ShareThis Page

Ex-state treasurer forced to acknowledge more abuse of power

| Monday, March 20, 2017, 10:15 p.m.

HARRISBURG — Disgraced ex-Pennsylvania state treasurer Rob McCord was forced to acknowledge Monday in federal court that he had abused his office's powers to try to reward campaign contributors in more ways than previously revealed by prosecutors in McCord's extortion case two years ago.

The revelations came as a prosecutor confronted McCord in the trial of a wealthy investment adviser, Richard Ireland, who is accused of trying to bribe McCord with campaign contributions.

The admissions were eye-opening, since a prosecutor forced them from a cooperating witness, McCord, who resigned as Pennsylvania's elected treasurer two years ago after being ensnared in the FBI's wide-ranging pay-to-play investigation of Pennsylvania state government.

McCord, 58, was testifying for the fourth and final day in Ireland's trial, during which jurors listened to hours of Ireland's conversations secretly recorded by McCord for the FBI in his final weeks as treasurer.

Under questioning by Assistant U.S. Attorney Michael Consiglio, McCord acknowledged that he had taken various steps or made various offers to help campaign contributors, or potential contributors, violating the law.

That included awarding a $50 million investment contract to a campaign donor who hid their connection to the contribution by giving through a third party. It also included promising to help a donor's son network in the investment world and potentially land a state investment contract, and offering to slow down a state payment to the competitor of a donor.

“I abused the treasurer's power, more than once,” McCord told Consiglio.

According to Consiglio, some of those conversations were conducted for McCord by a onetime top aide to Democratic former Gov. Ed Rendell, John Estey, who made secret recordings of McCord for the FBI while cooperating in his own criminal case.

Those details had not been included in McCord's extortion case that became public in early 2015. McCord was caught on tape in 2014 attempting to use his position as state treasurer to strong-arm donations to his failed gubernatorial campaign. McCord pleaded guilty to two counts of attempted extortion and is awaiting sentencing.

The exchange between Consiglio and McCord followed Ireland's lawyer Reid Weingarten's questioning of McCord.

In his questioning, Weingarten said Ireland made no effort in the recorded conversations to connect a certain campaign contribution to any particular effort by McCord to deliver new state investment business sought by Ireland. Weingarten suggested that Ireland would have given the cash to McCord, as a longtime friend, whether or not McCord had delivered the investment business sought by Ireland.

Weingarten said it was McCord, and not Ireland, who had raised the subject of campaign contributions every time it came up in their taped conversations.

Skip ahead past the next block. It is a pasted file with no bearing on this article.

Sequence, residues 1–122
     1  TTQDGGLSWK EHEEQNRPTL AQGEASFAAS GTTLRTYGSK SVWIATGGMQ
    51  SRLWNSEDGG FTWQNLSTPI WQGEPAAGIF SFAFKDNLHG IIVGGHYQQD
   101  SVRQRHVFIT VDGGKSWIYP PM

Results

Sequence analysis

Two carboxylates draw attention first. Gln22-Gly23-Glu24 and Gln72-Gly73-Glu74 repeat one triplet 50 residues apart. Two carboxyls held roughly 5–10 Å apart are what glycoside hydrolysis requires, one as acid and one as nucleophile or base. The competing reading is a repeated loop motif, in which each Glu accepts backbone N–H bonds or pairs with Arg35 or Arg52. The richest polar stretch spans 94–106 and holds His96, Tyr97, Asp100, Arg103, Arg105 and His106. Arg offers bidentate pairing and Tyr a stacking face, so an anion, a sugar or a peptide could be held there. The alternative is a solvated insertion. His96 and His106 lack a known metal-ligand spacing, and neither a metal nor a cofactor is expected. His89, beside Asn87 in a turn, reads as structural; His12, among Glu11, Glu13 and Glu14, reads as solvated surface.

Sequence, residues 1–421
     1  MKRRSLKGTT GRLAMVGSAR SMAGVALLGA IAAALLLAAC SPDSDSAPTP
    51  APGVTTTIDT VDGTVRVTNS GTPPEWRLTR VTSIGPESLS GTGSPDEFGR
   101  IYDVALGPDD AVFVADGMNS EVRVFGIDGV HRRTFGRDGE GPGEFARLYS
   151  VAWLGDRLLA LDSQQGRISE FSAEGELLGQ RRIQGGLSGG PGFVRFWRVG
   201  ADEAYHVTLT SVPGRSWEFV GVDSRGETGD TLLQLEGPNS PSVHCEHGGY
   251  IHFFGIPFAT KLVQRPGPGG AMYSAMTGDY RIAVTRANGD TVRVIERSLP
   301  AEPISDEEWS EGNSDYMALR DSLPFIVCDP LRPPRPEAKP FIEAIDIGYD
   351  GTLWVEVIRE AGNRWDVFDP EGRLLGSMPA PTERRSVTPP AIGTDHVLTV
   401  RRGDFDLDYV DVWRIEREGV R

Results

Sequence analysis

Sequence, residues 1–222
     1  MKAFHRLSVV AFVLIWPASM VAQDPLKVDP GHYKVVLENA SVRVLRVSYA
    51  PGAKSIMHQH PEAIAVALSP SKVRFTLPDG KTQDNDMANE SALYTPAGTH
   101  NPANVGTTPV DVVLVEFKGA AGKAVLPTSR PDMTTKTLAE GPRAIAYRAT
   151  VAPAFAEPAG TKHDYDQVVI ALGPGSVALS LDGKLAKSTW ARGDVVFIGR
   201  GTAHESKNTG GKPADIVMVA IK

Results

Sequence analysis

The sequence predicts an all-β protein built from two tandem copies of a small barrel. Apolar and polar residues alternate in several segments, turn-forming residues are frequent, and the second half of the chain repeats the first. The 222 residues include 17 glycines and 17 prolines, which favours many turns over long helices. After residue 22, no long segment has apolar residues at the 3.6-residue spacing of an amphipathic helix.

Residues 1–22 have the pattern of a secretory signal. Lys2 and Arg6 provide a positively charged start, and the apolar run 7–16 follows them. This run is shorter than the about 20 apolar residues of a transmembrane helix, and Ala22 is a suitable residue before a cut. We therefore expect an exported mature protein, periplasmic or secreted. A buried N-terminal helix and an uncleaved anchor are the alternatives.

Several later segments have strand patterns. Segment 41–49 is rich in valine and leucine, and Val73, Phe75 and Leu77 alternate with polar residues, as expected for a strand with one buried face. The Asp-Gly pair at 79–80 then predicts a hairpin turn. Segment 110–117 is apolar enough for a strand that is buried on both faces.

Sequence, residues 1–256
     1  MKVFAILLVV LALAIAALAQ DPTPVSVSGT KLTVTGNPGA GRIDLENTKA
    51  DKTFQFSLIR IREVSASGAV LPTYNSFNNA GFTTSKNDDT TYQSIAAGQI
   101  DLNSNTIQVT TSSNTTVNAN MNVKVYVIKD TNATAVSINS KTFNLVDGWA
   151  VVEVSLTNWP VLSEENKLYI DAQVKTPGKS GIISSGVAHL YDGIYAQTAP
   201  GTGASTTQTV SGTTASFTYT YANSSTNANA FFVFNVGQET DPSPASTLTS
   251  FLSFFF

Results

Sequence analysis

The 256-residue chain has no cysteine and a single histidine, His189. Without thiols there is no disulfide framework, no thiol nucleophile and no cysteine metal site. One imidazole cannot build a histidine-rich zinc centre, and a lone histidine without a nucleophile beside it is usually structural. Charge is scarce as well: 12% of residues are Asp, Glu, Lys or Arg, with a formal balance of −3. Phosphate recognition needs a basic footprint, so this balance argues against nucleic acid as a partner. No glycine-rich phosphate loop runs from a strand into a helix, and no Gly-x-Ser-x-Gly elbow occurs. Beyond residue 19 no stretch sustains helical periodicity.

“That's my impression, too,” McCord responded.

At his next opportunity to question McCord, Consiglio asked McCord whether he had told the FBI, even before recording conversations with Ireland, that Ireland had connected campaign contributions to what McCord could do for him as treasurer.

“Certainly that was the nature of the relationship,” McCord responded.

TribLIVE commenting policy

You are solely responsible for your comments and by using TribLive.com you agree to our Terms of Service.

We moderate comments. Our goal is to provide substantive commentary for a general readership. By screening submissions, we provide a space where readers can share intelligent and informed commentary that enhances the quality of our news and information.

While most comments will be posted if they are on-topic and not abusive, moderating decisions are subjective. We will make them as carefully and consistently as we can. Because of the volume of reader comments, we cannot review individual moderation decisions with readers.

We value thoughtful comments representing a range of views that make their point quickly and politely. We make an effort to protect discussions from repeated comments either by the same reader or different readers

We follow the same standards for taste as the daily newspaper. A few things we won't tolerate: personal attacks, obscenity, vulgarity, profanity (including expletives and letters followed by dashes), commercial promotion, impersonations, incoherence, proselytizing and SHOUTING. Don't include URLs to Web sites.

We do not edit comments. They are either approved or deleted. We reserve the right to edit a comment that is quoted or excerpted in an article. In this case, we may fix spelling and punctuation.

We welcome strong opinions and criticism of our work, but we don't want comments to become bogged down with discussions of our policies and we will moderate accordingly.

We appreciate it when readers and people quoted in articles or blog posts point out errors of fact or emphasis and will investigate all assertions. But these suggestions should be sent via e-mail. To avoid distracting other readers, we won't publish comments that suggest a correction. Instead, corrections will be made in a blog post or in an article.